Lobbyist reports Legislature ‘didn’t get it done’ in 2022

Elizabeth Wefel, an attorney with Flaherty & Hood, P.A., updated the Park Rapids City Council on Sept. 27 about the Coalition of Greater Minnesota Cities' lobbying efforts in 2022.

Park Rapids City Hall
Park Rapids Enterprise file photo
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The Park Rapids City Council on Sept. 27 received a progress report on the Coalition of Greater Minnesota Cities’s (CGMC) lobbying efforts during the 2022 Minnesota Legislative Session.

During a workshop before the regular meeting, attorney and lobbyist Elizabeth Wefel with Flaherty & Hood, P.A. explained that CGMC represents more than 100 cities, focusing on Local Government Aid (LGA) and property tax issues, economic development, annexation and land use, transportation, environment, and labor and employment.

She said CMGC is in discussion with Minnesota townships about the annexation issue, a point of contention between cities and townships. Regarding labor and employment, she said CGMC may be doing a lot of work next year on the duty disability issue.

As for the 2022 session, she said, “It really was not a great end of session. It should have been.”

Despite positives, such as a $9.3 billion budget surplus and unspent federal funds, Wefel admitted, very little was accomplished.


She cited such challenges as restricted operations due to COVID-19, especially in the House; this year’s redistricting and elections; ongoing political polarization and unfinished business from 2021, such as “hero pay” and the depleted unemployment insurance fund.

Wefel said organizations like CGMC spent the session lobbying for more LGA funding and a better LGA formula, a bonding bill, and funding for childcare, small city streets, and water and wastewater system improvements.

“Like many things, kind of the punchline is that they didn’t get it done,” she said of the Legislature, which also didn’t draft a bonding bill or address workforce housing, transportation, childcare or clean water infrastructure. “We never got a jobs bill,” she added.

She said the House passed a tax bill including the desired LGA increase and formula changes, but there was nothing for LGA in the Senate tax bill and the conference committee’s compromise failed to make it off the Senate floor.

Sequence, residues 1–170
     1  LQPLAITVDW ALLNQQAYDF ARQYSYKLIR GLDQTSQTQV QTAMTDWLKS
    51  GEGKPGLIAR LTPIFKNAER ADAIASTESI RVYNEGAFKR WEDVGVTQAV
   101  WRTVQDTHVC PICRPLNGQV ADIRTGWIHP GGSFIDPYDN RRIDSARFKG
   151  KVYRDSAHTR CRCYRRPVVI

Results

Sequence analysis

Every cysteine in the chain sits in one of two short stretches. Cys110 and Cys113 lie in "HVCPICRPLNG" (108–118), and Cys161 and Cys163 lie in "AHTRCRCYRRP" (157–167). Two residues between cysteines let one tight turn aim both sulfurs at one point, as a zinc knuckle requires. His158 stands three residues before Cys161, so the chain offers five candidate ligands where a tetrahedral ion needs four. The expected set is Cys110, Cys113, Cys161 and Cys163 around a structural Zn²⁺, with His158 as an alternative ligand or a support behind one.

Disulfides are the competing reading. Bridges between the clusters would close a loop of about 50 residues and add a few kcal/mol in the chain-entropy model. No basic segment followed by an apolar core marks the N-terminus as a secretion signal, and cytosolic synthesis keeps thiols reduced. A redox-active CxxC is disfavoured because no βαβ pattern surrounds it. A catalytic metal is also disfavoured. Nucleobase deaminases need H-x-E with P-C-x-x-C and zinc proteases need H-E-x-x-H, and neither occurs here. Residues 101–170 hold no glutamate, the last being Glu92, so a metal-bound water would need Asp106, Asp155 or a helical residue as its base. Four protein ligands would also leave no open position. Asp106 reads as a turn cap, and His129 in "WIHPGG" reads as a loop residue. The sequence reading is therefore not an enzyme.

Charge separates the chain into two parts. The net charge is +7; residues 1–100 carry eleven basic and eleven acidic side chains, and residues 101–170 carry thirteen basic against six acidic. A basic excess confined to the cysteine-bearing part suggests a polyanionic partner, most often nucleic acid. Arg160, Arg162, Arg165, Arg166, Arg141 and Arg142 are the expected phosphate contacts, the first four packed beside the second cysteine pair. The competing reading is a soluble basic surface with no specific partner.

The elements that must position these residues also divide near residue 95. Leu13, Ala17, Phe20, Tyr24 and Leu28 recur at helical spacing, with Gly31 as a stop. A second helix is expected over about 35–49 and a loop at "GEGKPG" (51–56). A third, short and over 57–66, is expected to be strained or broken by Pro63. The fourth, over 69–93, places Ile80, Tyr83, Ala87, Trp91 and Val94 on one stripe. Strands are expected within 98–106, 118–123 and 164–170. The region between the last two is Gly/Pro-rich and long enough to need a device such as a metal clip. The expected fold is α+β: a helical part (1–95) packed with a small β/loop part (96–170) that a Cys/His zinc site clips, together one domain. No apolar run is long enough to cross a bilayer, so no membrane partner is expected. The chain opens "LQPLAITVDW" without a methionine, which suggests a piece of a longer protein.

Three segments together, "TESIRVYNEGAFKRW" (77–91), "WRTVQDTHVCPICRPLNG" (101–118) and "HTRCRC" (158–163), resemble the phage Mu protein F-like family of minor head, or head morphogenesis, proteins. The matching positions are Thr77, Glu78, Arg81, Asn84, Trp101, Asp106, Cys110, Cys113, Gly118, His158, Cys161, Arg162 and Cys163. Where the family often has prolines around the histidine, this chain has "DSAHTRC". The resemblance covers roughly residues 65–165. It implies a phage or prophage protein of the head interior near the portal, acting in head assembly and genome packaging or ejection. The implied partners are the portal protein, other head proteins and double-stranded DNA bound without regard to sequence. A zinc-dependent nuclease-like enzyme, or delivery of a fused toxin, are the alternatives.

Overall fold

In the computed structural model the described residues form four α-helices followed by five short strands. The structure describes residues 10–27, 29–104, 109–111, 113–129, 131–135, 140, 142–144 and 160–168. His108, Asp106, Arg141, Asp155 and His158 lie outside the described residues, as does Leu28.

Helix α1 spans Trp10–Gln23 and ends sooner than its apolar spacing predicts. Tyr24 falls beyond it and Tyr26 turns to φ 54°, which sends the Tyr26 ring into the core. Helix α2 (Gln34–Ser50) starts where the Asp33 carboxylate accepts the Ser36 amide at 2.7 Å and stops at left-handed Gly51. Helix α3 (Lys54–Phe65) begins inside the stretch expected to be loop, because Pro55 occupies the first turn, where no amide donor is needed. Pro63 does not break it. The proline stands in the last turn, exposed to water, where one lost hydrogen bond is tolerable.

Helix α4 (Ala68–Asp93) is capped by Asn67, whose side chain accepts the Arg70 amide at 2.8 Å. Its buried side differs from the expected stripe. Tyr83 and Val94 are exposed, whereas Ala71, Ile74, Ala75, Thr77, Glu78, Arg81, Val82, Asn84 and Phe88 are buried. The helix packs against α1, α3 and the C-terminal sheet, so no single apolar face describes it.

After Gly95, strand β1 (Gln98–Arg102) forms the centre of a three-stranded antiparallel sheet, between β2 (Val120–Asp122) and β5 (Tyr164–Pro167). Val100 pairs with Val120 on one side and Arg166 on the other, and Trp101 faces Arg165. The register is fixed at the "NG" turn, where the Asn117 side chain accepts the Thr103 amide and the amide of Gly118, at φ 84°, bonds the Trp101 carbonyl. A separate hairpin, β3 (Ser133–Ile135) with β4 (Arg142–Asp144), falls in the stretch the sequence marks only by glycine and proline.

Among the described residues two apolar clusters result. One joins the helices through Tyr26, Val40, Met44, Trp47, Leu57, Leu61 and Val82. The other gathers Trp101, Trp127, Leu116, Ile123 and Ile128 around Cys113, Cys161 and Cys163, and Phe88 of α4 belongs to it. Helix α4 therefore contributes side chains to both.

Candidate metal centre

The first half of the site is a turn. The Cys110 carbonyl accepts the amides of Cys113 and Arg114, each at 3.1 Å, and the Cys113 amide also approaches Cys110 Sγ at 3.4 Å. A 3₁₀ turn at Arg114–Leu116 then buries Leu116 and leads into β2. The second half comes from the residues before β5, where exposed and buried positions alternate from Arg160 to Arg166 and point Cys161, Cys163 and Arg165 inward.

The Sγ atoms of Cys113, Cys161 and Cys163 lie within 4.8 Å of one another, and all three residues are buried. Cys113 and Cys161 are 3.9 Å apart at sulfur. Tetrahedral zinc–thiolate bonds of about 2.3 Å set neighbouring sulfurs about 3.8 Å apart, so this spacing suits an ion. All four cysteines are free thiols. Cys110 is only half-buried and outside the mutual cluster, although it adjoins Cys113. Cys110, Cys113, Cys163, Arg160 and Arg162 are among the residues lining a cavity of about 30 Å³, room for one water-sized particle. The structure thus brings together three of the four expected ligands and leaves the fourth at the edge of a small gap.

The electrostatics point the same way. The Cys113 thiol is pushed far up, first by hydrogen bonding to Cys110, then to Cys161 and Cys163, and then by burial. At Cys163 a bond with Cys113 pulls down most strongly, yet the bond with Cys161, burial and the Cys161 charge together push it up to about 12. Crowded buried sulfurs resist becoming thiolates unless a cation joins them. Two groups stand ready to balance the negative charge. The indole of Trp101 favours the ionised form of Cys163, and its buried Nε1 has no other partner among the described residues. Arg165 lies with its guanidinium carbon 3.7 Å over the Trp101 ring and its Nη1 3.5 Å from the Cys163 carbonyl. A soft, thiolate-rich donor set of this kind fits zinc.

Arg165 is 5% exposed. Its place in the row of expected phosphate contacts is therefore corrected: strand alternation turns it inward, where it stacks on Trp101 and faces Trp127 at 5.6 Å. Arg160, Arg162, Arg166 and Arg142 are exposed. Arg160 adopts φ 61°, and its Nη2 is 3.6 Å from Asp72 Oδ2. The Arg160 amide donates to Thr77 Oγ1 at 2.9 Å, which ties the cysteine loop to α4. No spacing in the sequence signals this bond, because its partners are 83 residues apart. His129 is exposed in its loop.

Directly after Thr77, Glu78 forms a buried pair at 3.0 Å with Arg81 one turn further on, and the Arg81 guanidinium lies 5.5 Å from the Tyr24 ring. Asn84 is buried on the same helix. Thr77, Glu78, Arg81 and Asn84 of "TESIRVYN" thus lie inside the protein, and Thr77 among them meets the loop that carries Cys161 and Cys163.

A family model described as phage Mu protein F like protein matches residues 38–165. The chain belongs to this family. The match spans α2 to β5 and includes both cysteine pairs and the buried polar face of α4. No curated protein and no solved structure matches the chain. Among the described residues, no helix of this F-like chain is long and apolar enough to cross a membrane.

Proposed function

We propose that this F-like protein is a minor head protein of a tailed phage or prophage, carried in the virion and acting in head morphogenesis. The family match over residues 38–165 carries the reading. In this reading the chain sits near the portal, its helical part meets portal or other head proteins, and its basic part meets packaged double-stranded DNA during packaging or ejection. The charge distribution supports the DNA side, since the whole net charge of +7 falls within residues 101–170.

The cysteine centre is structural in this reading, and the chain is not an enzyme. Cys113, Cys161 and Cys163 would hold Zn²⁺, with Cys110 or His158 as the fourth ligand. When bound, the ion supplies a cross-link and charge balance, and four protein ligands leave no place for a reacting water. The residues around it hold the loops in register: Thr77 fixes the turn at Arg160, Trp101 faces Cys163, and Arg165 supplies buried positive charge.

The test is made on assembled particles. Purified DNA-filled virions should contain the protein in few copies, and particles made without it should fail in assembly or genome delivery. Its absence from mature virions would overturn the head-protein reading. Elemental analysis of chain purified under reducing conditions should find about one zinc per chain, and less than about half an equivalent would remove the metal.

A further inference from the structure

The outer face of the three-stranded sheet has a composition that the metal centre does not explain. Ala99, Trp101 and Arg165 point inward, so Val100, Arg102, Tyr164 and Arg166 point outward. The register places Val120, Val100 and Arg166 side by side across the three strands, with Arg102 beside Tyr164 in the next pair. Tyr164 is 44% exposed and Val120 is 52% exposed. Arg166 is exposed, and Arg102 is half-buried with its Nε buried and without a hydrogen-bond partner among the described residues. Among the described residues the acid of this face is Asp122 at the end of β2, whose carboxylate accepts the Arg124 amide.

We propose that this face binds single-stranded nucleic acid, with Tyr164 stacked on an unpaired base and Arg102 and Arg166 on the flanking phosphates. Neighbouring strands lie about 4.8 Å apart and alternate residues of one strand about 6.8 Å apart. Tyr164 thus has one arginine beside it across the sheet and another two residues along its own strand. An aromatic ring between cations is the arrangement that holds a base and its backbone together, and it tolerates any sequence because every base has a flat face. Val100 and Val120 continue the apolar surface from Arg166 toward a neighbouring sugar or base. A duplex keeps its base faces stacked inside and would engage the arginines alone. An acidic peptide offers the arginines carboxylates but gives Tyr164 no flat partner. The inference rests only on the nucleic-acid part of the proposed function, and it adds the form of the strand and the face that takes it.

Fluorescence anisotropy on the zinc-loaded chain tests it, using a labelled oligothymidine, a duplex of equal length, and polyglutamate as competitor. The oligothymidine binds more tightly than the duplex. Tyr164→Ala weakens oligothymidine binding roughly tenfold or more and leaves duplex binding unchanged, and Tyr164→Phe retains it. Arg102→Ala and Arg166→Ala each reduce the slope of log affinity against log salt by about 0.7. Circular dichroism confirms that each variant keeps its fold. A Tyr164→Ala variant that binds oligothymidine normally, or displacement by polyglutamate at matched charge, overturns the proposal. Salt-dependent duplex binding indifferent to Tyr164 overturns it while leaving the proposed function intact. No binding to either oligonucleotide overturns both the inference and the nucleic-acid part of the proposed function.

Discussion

If the conference committee’s bill had passed, Wefel said, Park Rapids’ LGA would have increased about $200,000 from $630,565 to $833,249.

“This is an issue that we’re not going to let go,” she said.

One bright spot, she said, was approval of broadband funding, including federal American Rescue Plan Act dollars.

The last week of session was promising, Wefel said. But when it came down to the wire, “Everything fell apart,” she said. “They didn’t get anything done.”


She called it unlikely that a special section will be called this year due to election politics.

Looking ahead, Wefel projected a significant turnover in the election, with at least 47 new legislators, a possible change of control in either chamber, a “very competitive” governor’s race, and a budget year coming up in 2023.

“We’ll likely have a large surplus,” she said. “We’re going to have a bang-up session.”

CGMC’s next major events, she said, include a fall conference Nov. 17-18 in Alexandria, Legislative Action Day in January and a July 2023 summer conference in Thief River Falls.

Department heads gave a report on the past year or two at a city council workshop on Jan. 24.

Robin Fish is a staff reporter at the Park Rapids Enterprise. Contact him at or 218-252-3053.
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